In China, an apparent assault on a woman in a Beijing hotel is driving an online conversation about gender-based violence in the country, and — much to the suspicion of many netizens — taking the air out of the debate surrounding the Panama Papers leak, which Chinese media has conspicuously ignored.
The incident took place in Heyi Hotel on April 3. As shown via the hotel’s CCTV footage, a woman is attacked by an unidentified man and dragged around a hotel corridor in full view of bystanders, including hotel staff.
She howled for help but the hotel staff did nothing to stop the man. The woman eventually broke away with the help of a hotel guest and the suspect ran off.
The video was uploaded by the victim under a newly registered user account Wanwan_2016 on China’s Twitter equivalent Weibo on April 5, the day after the leak of was revealed.
The Panama Papers documents were leaked from Mossack Fonseca, a Panama-based law firm that helps clients set up offshore shell companies to stash their money abroad, sometimes to illegally hide their money from tax authorities at home.
Referenced among the 11.5 million documents that comprise the leak are relatives of three members of the Chinese Communist party’s elite ruling council, the politburo standing committee, including relatives of China’s strongman President Xi Jinping.
Within one week, the hashtag “Girl attacked at Heyi Hotel” was viewed 2.6 billion times and generated 2.6 million online discussions. Predictably, netizens piled in to criticize the bystanders, the hotel management and the police.
Mainstream media rushed to cover the event.
Headline News, the official news outlet of Sina news agency on Weibo, provided live updates from a press conference Heyi Hotel held to apologize for the incident. Such intensive reporting on an everyday crime reminded many of attempts to divert the public conversation in China in the past.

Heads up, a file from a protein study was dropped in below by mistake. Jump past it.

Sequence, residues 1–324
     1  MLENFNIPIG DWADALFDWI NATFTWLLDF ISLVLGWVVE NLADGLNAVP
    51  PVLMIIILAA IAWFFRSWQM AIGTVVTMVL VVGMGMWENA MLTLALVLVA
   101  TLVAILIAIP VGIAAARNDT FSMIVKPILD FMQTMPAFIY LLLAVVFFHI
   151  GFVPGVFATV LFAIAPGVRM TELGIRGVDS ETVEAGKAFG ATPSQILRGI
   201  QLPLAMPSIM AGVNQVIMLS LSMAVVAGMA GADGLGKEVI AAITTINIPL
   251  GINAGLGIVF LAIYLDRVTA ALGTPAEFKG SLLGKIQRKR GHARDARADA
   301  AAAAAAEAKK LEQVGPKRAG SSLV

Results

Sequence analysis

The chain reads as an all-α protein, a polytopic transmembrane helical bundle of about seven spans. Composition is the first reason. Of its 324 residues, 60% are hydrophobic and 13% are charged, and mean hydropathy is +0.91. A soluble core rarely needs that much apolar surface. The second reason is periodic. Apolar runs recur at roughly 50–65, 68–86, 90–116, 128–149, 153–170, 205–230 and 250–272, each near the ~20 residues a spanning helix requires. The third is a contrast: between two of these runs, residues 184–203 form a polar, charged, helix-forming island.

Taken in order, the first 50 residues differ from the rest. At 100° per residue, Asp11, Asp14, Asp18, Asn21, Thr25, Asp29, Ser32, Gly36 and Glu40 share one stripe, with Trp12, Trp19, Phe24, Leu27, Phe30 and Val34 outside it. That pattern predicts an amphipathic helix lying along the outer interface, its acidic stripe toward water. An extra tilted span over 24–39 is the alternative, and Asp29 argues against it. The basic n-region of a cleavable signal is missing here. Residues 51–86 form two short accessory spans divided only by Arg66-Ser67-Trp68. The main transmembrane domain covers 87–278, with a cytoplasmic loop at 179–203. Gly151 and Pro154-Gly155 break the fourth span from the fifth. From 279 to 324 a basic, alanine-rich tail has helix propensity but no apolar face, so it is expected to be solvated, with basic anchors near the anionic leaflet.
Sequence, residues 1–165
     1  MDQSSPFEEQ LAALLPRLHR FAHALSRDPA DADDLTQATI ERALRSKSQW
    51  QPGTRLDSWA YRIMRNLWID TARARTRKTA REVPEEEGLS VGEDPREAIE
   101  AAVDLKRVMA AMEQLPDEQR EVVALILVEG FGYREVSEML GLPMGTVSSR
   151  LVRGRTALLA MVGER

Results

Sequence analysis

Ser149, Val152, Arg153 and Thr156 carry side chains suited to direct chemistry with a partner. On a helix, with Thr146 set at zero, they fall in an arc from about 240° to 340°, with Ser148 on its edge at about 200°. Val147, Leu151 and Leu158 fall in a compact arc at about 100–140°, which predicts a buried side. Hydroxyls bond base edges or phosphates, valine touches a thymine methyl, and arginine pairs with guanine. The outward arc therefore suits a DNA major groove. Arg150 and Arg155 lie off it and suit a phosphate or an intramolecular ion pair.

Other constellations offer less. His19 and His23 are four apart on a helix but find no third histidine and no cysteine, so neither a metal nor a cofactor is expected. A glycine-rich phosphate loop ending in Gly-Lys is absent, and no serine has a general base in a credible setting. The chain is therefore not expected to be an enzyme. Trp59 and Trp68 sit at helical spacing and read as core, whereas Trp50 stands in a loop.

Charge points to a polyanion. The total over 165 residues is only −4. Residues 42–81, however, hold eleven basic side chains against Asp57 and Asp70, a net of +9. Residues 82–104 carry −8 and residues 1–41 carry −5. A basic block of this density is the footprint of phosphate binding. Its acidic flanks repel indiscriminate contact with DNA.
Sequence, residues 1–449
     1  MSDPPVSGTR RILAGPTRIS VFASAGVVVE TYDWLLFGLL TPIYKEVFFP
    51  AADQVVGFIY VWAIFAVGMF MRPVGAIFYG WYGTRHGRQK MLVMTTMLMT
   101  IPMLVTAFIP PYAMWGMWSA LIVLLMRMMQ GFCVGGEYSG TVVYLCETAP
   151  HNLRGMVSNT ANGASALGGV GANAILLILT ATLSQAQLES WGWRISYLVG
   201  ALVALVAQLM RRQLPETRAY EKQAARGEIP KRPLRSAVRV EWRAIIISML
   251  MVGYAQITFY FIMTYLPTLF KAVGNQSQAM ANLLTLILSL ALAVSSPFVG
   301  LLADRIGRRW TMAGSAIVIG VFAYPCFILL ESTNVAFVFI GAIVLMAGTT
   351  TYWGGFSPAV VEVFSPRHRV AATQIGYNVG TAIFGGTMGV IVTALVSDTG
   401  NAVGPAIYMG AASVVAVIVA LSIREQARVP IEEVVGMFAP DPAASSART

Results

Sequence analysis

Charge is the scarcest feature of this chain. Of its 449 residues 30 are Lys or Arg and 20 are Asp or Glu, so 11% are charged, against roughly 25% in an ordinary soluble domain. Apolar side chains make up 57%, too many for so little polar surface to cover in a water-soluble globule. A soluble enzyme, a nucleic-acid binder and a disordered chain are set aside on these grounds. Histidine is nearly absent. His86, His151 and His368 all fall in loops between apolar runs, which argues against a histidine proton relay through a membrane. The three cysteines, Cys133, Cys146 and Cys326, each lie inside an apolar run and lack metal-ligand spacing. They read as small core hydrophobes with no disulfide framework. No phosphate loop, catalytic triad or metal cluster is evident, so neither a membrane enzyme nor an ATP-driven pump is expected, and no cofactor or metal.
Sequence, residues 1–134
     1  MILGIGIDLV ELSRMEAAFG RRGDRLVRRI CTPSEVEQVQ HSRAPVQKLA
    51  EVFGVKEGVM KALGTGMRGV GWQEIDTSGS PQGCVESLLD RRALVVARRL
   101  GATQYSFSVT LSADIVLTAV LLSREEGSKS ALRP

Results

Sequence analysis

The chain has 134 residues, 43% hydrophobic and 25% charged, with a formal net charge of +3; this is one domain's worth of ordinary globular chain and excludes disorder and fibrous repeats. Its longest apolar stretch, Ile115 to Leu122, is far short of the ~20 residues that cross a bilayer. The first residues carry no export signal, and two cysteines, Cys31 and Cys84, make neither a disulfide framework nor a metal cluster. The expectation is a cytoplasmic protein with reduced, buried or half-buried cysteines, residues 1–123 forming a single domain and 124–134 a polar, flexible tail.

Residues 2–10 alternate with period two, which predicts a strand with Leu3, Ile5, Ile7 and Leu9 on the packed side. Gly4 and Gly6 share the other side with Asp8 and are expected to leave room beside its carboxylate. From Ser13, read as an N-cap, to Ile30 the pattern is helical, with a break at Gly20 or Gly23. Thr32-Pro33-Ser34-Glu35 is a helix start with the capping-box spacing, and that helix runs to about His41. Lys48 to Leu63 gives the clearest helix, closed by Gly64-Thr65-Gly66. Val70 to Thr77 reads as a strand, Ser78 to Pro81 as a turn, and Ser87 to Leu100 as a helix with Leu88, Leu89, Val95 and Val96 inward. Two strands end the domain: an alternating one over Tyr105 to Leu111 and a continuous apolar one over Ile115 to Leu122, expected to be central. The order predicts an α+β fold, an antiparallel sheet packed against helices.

Under comment threads of Headline News’ updates from the press conference, netizens braved the gauntlet of online censorship to remind other readers about news potentially more relevant to the public interest, writing:
What about the incident that took place in Panama? This event is a ploy, letting people forget something else. It has successfully diverted the public’s attention from Panama.
Another Weibo user said:
This breaking news went viral after being reposted by many red-tainted commercial accounts and duly provoked public discussion. Is it intended to sidetrack attention from the incident in Panamaaaa [a typo to circumvent Weibo’s hyper-sensitive word filter]?
The people caught up in the scandal are important Chinese leaders, if the public ignores the event, then no further explanation is needed. That is upsetting.
Similar views were shared among netizens already in the know about the Panama Papers leak:
That’s the typical way to divert public attention. Obviously if the media is overwhelmingly reporting this news item, then people won’t focus on the 8NAMA [a typo to circumvent Weibo’s hyper-sensitive word filter] incident.
The suspect that attacked the girl was captured on April 7, but local outlets are still following the case. Meanwhile, an apparent oath of silence is being observed across the Chinese media space regarding the Panama Papers.
According to a report by the International Consortium of Investigative Journalists (ICIJ), the other two members of the Chinese politburo other than Xi with links to the leak are Vice Premier Zhang Gaoli and party secretariat secretary Liu Yunshan.
So far there has been no official comment concerning top government officials’ links to the scandal. Foreign Minister Wang Yi said vaguely on April 8 that “explanations and clarifications” are needed regarding the Panama Papers, but even Wang Yi’s comment was not picked up by mainland Chinese media outlets.